My sister has been having severe headaches, on the left side of her head AND face, for the last month...she was originally told it was allergies but was finally sent for a CT Scan. They said it was either a meningioma or a very large aneurysm. The MRI showed aneurysm...
BUT the doctor said the aneurysm must've been there for a while because the artery had apparently sealed itself and blood from the right hemisphere was rerouted to the left. Said that's the best possible scenario someone could be in and that it didn't appear to be leaking. It's possible this has been there for 8 years, when she developed a problem with her 6th cranial nerve (lateral eye muscle) that was diagnosed as a type of strabismus. We asked why she would have headaches all of a sudden then and why her 7th cranial nerve would be affected (the one that controls facial pain) unless the aneurysm was growing...dr. didn't answer. He wants to do the thing where they shoot dye in and look at the flow (angiogram?).
The headaches developed the same time she was vomiting for hours, put down to the flu. However, I've read that vomiting and sudden severe pain are symptoms of an aneurysm rupture. So, does anyone have a clue what could be going on or any experience with this? Dr. said they'd leave it alone if it wasn't leaking, but we're like, "what about the pain??!" Could the bulging part of the artery still grow without blood going through it? What are possible treatments...can any type of medicine be used instead of surgery?
I can't tell you what to do, but I know you are worried about this. Aneurysms are a scary thing to deal with. There are many reasons why doctors chose to leave them alone. Somtimes, they are in an area that isn't condusive to going in and doing surgery.
The angiogram may give them a better picture of the scope of her aneurysm. There are many treatments for this depending on the size and location of the aneurysm and the possible risks versus outcome of that treatment. There are as mentioned by the doctor ways to go in and clip it, and there are also medications that can disolve them as well.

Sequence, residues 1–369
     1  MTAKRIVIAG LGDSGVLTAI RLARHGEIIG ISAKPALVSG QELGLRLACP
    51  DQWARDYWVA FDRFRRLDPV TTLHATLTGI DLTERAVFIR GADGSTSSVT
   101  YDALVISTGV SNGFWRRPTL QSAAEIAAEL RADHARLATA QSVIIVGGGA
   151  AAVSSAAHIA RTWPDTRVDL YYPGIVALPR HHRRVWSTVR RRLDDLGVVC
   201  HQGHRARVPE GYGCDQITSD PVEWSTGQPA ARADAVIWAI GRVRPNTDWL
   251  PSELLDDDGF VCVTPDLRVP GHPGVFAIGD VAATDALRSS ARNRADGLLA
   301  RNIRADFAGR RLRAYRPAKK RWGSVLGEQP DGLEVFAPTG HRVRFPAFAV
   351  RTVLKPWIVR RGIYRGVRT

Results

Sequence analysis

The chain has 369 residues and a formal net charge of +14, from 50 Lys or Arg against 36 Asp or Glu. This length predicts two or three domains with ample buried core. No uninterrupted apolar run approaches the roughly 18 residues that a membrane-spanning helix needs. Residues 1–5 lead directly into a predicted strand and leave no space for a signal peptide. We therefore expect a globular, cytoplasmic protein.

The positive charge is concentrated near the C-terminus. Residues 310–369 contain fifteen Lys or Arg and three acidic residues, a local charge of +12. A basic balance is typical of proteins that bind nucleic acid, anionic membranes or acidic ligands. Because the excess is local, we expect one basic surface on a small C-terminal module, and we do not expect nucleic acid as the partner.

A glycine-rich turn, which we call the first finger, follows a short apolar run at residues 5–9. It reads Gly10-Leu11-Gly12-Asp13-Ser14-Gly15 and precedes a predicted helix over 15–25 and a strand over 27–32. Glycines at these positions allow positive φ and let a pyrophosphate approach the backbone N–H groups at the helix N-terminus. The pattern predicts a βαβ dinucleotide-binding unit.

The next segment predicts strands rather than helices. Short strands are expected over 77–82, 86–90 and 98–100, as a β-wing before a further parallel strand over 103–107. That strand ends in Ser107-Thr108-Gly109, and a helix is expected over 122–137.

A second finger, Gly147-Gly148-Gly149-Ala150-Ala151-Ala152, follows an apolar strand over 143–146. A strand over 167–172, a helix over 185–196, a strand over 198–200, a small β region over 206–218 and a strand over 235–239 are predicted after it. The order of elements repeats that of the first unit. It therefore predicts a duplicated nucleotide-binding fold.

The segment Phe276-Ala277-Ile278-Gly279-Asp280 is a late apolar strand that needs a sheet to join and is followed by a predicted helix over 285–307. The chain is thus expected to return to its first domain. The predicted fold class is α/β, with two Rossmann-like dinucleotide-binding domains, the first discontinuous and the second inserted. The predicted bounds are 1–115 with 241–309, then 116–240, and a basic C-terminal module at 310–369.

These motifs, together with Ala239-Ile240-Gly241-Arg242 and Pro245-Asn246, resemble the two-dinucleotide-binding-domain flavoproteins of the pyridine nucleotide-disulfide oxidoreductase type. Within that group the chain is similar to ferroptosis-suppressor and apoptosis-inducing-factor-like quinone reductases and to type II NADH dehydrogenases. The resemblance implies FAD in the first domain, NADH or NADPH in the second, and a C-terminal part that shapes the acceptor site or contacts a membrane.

My only piece of advice is to ask lots of questions. Write them down before the appointment and take them with you so nothing is forgotten. Do lots of research because an informed patient is more equipped to deal with their situation.
Also, if you are not comfortable with the treating doctor, go for a second opinion, even a third if needed. Do a web search for the neuro surgeons in the area and try and find one that specializes in aneurysms if at all possible.
I hope your sister will be able to get concrete answers and will be able to be presented with some acceptable and successful treatment options soon. Best wishes, and keep looking for answers!!
Thank you for the reply. Looking for a specialist is a good idea, although this neurosurgeon was smart enough to override the radiologist's initial diagnosis of a meningioma...and he was recommended by the hospital where she had the CT Scan. Guess we'll have to see.
Glad to hear there's a possibility of medication. I forgot to mention my sister is 22...we're thinking this might've started when she was 14 or so...so maybe age has something to do with her being "lucky" so far. Anyway, I'll give an update after the angiogram.
I only know firsthand three people who dealt with aneurysms. One, she had one and did not know it was coming. She did have headaches and such for weeks but ignored it. After the aneurysm, half of her body was paralyzed for months but she is more or less normal now after a one year recovery period. However, the doctors said that even knowing in advance it was coming there was not much they could have done other than some blood thinning drugs. Apparently there are severe limits to modern science as far as the brain is concerned. By the way, she is in her thirties.
The other guy I knew just plain died right in front of us at the gym. We only found out why later - brain aneurysm. He was about 40. Also a friend of ours had one and died in his sleep, but I did not personally witness that. He was in his 60s.
So, that's all I know. I think a neurosurgeon is what is best in this situation.
Well, she had the angiogram today and the doctor said the aneurysm has completely sealed itself off...which is great news, I suppose, but I still don't understand why pain started all of a sudden if it has apparently been there
We are still not sure if they can do anything for the pain...the doctor said it isn't in a spot that's good for surgery but he mentioned radiation. Does anyone have any experience with that?